The entrance to the Chanin Building I normally take
Part of the resurrection of Disaffected Prep came from an idea I had: what if I could take the most mundane activity I find myself in everyday and instead, find and capture some semblance of beauty within it? Mind you, this isn’t some sort of post-modern American Beauty-esque ,“find the natural wonder of a floating plastic bag,” but rather, finding real aesthetic paydirt. This activity I’m talking about is one of the most dreadful human activities out there - commuting to and from work.
To spot and document these moments of joy would require a camera, but I find the iPhone’s capabilities lacking. I’m also not willing to carry a DSLR with me in midtown, given their bulk. So I purchased an impressive and very compact Sony RX-100 series for this exact mission, a swiss army knife of a camera that I can carry in my bag and snap a quick photo without feeling like a tourist.
The first installment of what I’m calling, “My Amazing Commute,” (said without irony or sarcasm), details the Chanin Building at on the corner of Lexington Avenue on 122 East 42nd Street. The building is a wonderful expression of the Art Deco style, and I think more New Yorkers would appreciate it if it weren’t totally overshadowed by the Chrysler Building, which is catty-corner to it on 42nd. The Chanin also serves as an access point 4/5/6/7 subways through its lobby.
Tried to do a "in the moment" photo through the doors but failed miserably
If you want to commute home via the 4/5/6/7 in the area, you’ve got plenty of options: there are a couple of pure-form structures of egress without style or personality, there’s a subway entrance near Cipriani, and of course there’s a path to the Lexington line in a little Beaux-Arts masterpiece called Grand Central Terminal.
Grand Central is easy on the the eyes, of course, but if you’re a frequent visitor of Disaffected Prep you know that I’m a champion of the underdog versus the overexposed, the indie over the commercial. So it should come as no surprise that I try to make my way through Chanin rather than Grand Central as much as possible during my commute, just so I can feel a part of its under-looked history and be surrounded by beautiful aesthetics, if only for a minute.
The lower bars, I'm guessing, are for kids, you know?
The Chanin Building was built in 1929, and is 56 stories tall. I don’t know much about the building itself, beyond what’s available on Wikipedia, but I pass through the lobby frequently and love it. Part of the appeal are the revolving doors - they’re heavy and sturdy - and cut at at these hospital-corner tight 90 degree angles in a handsome mixture of glass and bronze. They’re the kind of special and unique doors that you expect to be transformed into something beyond yourself just upon exiting them.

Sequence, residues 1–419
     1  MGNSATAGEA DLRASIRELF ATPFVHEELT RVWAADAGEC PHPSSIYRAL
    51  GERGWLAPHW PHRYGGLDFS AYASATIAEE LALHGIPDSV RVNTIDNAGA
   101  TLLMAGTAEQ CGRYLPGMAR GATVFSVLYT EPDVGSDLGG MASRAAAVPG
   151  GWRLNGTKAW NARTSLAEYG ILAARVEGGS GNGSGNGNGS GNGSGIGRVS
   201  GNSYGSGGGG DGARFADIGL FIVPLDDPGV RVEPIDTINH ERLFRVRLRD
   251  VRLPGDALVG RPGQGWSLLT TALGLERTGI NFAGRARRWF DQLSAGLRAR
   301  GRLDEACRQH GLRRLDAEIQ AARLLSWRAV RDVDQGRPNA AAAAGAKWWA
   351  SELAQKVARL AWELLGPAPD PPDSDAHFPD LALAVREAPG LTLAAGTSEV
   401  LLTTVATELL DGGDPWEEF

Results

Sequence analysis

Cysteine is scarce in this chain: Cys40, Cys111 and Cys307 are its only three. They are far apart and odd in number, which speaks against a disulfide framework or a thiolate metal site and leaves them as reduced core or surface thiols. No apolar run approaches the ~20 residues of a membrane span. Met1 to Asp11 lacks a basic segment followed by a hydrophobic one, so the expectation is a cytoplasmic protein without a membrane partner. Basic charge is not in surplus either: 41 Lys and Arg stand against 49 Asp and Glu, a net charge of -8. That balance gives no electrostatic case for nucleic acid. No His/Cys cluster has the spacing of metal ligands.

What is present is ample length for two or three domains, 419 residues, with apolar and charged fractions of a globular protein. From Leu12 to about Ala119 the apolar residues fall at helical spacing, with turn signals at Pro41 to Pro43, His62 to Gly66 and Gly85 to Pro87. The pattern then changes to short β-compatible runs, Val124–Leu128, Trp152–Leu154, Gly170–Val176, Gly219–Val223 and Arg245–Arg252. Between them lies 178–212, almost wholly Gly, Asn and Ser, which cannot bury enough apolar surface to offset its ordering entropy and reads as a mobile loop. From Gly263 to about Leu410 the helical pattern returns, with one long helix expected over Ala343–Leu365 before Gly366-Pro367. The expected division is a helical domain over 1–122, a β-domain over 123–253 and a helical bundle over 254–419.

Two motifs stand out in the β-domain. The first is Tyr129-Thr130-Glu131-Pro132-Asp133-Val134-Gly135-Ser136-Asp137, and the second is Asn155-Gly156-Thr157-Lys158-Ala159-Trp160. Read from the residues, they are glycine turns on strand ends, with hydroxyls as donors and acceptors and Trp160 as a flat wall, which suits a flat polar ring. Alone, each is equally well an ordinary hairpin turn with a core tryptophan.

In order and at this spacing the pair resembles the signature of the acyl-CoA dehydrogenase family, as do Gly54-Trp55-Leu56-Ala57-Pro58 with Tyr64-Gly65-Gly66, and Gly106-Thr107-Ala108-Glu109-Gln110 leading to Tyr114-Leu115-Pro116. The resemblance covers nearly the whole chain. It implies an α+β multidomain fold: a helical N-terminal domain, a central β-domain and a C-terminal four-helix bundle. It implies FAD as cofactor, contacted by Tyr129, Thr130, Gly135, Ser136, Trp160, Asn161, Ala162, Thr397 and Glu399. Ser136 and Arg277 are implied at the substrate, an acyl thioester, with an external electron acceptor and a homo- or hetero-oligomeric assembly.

This picture speaks for itself
Through the revolving doors, you’re found in a vestibule that features four push/pull doors into the main lobby. But it would be a mistake to walk hurriedly through just to get to the next downtown train. There’s a mind-blowing amount of art-deco detail here, real genuine work you can press your nose one inch away from and just stare. There’s a radiator screen that features this amazing geometry of imbricated, undulating crescent waves, bronzed triangles and soaring beams bursting through the entire grillwork. All this for a radiator cover.
Who is John Galt? Honestly, I don't care.
There’s also these figures that I’m totally not wild about because they unfortunately remind me of an Ayn Rand book (I’m not a fan of her turgid prose) but I’m including as a picture to give a completist view of the vestibule and hey - maybe it rings somebodies’ cherries out there, who knows?
The lobby filled with holiday cheer. The lobby guards, not so much.
I was also able to peel off one (not great) photo of part of the lobby before I was (not so) politely told by the lobby guards not to take pictures, who were (the guards), despite the accoutrements of holiday decorations all throughout the Chanin Building lobby, not quite filled with any jolly cheer, at all.
Each time I walk the Chanin Building I get the feeling of a long-past New York where men wore hats to work, Studebakers lined the streets and you could get a decent cherry rickey within a couple of blocks of wherever you were. I don’t long for that era, I’m perfectly content in this one, but it is still nice to be in touch with it, even if it’s just by passing through on the way home.